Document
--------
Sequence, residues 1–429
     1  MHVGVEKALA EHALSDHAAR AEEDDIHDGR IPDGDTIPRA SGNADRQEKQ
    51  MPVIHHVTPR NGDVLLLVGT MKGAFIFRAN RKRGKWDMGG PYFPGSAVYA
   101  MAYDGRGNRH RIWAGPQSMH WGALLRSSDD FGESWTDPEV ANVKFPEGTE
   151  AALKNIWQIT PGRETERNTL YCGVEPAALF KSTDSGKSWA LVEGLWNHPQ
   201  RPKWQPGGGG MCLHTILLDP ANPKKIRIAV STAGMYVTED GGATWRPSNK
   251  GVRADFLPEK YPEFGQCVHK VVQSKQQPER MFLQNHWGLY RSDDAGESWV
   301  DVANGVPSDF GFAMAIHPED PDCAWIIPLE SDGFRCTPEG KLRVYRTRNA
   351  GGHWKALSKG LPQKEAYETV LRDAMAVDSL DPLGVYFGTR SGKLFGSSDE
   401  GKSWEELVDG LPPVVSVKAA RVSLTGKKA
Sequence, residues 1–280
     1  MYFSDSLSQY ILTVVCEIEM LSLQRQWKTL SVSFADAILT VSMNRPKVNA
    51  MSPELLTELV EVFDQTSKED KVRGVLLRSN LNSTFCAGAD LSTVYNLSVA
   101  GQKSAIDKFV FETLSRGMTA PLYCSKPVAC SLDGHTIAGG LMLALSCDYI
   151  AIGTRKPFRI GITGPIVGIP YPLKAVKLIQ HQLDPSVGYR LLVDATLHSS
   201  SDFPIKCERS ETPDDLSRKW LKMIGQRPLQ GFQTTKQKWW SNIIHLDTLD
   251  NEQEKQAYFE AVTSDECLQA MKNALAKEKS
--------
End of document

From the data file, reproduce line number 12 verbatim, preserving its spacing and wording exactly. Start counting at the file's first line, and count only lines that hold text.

     1  MYFSDSLSQY ILTVVCEIEM LSLQRQWKTL SVSFADAILT VSMNRPKVNA